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Sleepy Rhino

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December 13th, 2009

r.i.p.?

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Sleepy Rhino
I haven't updated in so long that it feels pointless to do so now. It has been just over two months, the longest time that I have gone without writing here. Which is not to say that I have not been writing at all. Quite the opposite rather, as I have been jotting down lots of quick thoughts in my diary and penning my usual plethora of emails to friends.

I think the end of this blog is in sight. Everything on here feels a piece of a version of me that does not exist anymore. I have grown up beyond the rants and self pitying garbage that litters the pages here. Even typing right now feels like something else, like my heart is no longer in this writing. Perhaps when there is time I will search out a new location for the thoughts all sizes of J Cecil.

October 11th, 2009

the holiday season

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Sleepy Rhino
It's Thanksgiving weekend in Canada, the last holiday before the Christmas season.  Being overseas for T-giving is not so much of a big deal but I anticipate being in Taipei for Jesus' birthday will be.  I have been away from family and friends for one previous Christmas, in 2005, and recall it as a wet, cool, Saturday morning where the markets went on as usual.  I wonder what the atmosphere will be like here.  It will be a Friday and I have plans to get drunk as a skunk.

October 4th, 2009

I watched "Adventureland" right before leaving Canada and it is a film that I keep thinking about.  There are a lot of things that I liked about it. The characters are as close to real people as I have ever seen in a movie in that they all have their pluses and minuses; they feel complete and developed with nary a thinly sketched character in sight, with the exception of Frigo.  "Adventureland" also captures that ephemeral feeling of summer better than any work of fiction I've encountered since "The Mysteries of Pittsburgh", a novel by Michael Chabon.  James, the protagonist of "Adventureland", takes a little time to find his way at the park but once he does he goes all out for the partying, dating, mischief making scene and by the time he has found his feet amongst his summer crew they have all dissipated to new lives.  That is the summer of a twentysomething, at least to me.

While all of these parts add up to an excellent film it is the central lesson, that life is what we make of it, often inelegant, but always moving forward, that keeps me thinking about "Adventureland."  James has high aspirations.  He wants to go to graduate school to become a writer like Charles Dickens, roving around the world writing journalistic pieces.  It sounds like a fantastic dream but it is a silly one; Em, James' girlfriend in the movie, says as much to him when she questions why he would have to go to school to become a writer.  In that one small scene I felt my own odd goals brushed away too.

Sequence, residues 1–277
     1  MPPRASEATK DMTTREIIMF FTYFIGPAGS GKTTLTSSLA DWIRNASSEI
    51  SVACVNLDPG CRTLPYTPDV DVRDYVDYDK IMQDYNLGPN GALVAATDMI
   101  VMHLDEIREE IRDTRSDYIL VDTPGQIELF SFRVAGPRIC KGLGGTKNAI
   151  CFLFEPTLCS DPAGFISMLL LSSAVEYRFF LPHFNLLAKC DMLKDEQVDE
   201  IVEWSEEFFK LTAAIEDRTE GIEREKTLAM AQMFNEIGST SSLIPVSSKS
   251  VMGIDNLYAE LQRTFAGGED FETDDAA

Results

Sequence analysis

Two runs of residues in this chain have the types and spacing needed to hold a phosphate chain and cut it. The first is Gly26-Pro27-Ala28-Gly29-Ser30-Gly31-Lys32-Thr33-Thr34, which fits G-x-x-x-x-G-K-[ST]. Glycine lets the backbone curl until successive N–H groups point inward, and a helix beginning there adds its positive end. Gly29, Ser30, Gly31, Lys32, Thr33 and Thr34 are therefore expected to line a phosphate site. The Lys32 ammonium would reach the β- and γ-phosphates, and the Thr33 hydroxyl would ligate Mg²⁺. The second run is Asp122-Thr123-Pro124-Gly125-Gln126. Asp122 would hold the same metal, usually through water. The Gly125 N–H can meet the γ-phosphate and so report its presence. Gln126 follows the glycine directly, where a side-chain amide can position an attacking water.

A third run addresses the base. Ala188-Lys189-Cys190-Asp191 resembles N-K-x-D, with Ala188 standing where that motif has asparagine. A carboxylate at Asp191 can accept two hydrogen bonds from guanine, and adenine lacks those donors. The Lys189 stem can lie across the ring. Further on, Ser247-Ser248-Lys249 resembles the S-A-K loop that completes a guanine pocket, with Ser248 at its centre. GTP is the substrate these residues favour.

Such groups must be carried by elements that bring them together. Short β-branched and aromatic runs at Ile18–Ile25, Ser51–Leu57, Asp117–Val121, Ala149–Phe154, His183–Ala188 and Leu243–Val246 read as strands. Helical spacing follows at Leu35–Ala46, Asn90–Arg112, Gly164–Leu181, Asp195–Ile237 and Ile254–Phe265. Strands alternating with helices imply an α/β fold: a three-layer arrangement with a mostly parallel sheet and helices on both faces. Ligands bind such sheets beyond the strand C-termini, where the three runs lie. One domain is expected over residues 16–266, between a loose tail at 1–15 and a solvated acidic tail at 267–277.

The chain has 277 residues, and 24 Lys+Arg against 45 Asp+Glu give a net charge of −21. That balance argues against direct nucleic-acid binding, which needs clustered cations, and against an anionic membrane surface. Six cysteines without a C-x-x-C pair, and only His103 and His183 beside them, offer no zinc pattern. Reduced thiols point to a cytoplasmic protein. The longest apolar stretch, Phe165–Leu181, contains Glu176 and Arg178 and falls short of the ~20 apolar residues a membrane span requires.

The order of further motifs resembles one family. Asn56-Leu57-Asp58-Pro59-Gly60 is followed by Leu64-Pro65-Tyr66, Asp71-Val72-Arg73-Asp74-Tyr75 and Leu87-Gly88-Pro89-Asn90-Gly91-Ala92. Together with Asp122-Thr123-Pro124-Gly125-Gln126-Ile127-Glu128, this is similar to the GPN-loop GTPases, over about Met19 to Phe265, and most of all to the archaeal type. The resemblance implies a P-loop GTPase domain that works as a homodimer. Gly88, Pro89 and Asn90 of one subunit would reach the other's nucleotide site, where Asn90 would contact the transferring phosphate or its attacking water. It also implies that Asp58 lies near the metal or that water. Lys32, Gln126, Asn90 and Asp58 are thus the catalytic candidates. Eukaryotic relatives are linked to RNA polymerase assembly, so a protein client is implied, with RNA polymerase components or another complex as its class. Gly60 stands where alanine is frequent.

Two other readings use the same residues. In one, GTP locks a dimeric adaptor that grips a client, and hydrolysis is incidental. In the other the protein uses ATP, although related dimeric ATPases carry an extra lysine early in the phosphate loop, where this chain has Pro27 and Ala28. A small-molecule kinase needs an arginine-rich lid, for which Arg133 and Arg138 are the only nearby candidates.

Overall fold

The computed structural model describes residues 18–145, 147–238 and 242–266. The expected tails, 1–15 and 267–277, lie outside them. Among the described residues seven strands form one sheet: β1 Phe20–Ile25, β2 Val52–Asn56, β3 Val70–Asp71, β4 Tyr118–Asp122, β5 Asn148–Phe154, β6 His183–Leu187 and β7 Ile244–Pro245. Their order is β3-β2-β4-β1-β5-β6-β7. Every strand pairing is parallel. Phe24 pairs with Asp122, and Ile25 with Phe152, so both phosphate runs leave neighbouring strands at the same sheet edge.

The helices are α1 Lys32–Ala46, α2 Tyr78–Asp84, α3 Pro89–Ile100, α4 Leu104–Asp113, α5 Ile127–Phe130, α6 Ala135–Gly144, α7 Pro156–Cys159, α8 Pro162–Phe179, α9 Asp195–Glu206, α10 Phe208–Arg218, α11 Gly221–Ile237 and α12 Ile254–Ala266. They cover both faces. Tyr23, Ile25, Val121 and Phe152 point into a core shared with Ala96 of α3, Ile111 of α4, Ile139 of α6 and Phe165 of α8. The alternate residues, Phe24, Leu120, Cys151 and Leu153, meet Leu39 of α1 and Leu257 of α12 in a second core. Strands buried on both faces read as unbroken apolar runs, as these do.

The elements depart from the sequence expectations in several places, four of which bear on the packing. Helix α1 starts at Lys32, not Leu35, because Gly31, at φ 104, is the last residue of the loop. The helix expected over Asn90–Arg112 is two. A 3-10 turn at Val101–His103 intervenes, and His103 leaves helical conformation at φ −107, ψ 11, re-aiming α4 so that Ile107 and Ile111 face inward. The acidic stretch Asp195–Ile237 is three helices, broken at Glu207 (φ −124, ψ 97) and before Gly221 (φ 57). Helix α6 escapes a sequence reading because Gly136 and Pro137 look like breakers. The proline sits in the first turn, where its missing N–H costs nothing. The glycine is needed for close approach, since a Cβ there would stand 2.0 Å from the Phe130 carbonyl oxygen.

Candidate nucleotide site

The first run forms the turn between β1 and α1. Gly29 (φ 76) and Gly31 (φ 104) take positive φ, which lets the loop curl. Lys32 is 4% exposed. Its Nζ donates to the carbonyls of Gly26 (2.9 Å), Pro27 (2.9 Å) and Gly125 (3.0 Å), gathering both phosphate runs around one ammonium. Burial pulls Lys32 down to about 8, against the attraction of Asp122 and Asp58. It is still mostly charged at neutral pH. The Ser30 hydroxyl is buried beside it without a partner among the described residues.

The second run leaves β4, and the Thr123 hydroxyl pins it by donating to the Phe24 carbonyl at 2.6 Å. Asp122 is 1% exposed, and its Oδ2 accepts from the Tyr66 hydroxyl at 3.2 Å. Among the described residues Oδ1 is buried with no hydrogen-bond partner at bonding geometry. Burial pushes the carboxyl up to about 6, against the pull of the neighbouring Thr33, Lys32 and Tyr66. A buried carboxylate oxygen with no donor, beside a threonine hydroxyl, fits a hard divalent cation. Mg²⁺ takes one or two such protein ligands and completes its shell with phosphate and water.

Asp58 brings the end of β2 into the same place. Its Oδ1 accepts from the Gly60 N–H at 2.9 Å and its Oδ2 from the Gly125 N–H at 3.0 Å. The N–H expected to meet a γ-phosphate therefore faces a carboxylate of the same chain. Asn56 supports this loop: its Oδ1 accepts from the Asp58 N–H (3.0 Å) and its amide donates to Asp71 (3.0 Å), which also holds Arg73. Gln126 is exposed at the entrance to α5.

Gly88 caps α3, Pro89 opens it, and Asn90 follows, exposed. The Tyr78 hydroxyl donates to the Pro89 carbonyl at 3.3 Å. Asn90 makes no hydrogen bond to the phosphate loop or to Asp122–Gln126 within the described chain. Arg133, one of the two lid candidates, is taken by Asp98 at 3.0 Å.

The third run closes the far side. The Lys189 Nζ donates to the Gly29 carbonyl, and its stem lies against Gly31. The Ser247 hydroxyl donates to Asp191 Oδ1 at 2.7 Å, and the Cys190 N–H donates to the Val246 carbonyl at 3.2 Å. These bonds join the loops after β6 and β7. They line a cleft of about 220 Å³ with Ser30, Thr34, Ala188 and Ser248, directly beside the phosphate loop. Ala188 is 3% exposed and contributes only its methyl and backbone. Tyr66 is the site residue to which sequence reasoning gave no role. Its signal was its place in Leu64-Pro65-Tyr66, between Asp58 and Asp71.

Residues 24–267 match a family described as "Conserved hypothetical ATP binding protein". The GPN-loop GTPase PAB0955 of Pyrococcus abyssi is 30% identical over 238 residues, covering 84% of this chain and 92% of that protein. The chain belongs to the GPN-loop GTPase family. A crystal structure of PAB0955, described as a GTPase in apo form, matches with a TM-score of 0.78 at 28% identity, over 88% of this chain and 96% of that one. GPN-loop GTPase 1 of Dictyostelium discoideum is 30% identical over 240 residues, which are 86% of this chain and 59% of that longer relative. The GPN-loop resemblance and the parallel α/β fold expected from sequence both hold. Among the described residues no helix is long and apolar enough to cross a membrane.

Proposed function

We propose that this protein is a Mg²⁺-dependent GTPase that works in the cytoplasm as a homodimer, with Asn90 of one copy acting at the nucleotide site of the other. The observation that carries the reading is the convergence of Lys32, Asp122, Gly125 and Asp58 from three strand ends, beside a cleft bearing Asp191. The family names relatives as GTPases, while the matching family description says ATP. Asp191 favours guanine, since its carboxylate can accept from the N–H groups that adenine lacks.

But it is was a good feeling.  It is a good realization to know that life is moving on, maybe not as I envisioned it, but not so bad either.  At the film's end we are left with James in New York, where he has followed Em.  He is committed to her, to trying to make things work, and willing to take any old job to pay the rent to be with her.  In that way it is a movie about becoming a man, about taking chances and making the best of what happens.  It was important for me to see "Adventureland" before coming back to Taipei.  It has taught me to keep moving forward at all times, chin up and optimistic.  

September 28th, 2009

I talked to my roommate yesterday morning about work life in Taiwan.  She is American-Chinese so I consider her opinion on the matter to be better than any outside observations on the matter.  I mentioned how it took me a solid week in July to recover from the go go go atmosphere of Taipei and the feeling that I always had to be busy.  For reals: I spent a week walking in Northumberland Forest listening to birds and critters scampering around to feel whole again; I couldn't relax.

She said that Asian life was not always this way.  It used to be more laid back, years prior to western influence, when men would ponce around at a more genial pace.  In fact, she reckons that it is due to the infusion of western culture and mores into Taiwan that has made the pace of life faster here.  People I teach with are at work twelve hours some days, heaps of teachers do tutoring in their "off" hours, professional courses - consisting of 3 hour lectures once a week for several months at a spell - are mandatory.  The only significant break in the year is Chinese New Year, a couple weeks off in January or February depending on the lunar calendar.  Perhaps that infamous Chinese will to succeed has been sharpened by the desire to be as well off as the west.  I don't know.

But the counter to this work hard attitude is this: Taiwanese retire earlier than their western counterparts.  While I face the full on truth that I will likely be working until age seventy, folks in this neck of the world work into their fifties.  In a way, it is ironic: I think of how Taiwanese and Koreans work, just always at the desk doing something, putting in the long hours, not necessarily being as efficient as westerners, yet in the long run they have more retired time than westerners.  So perhaps that is more efficient.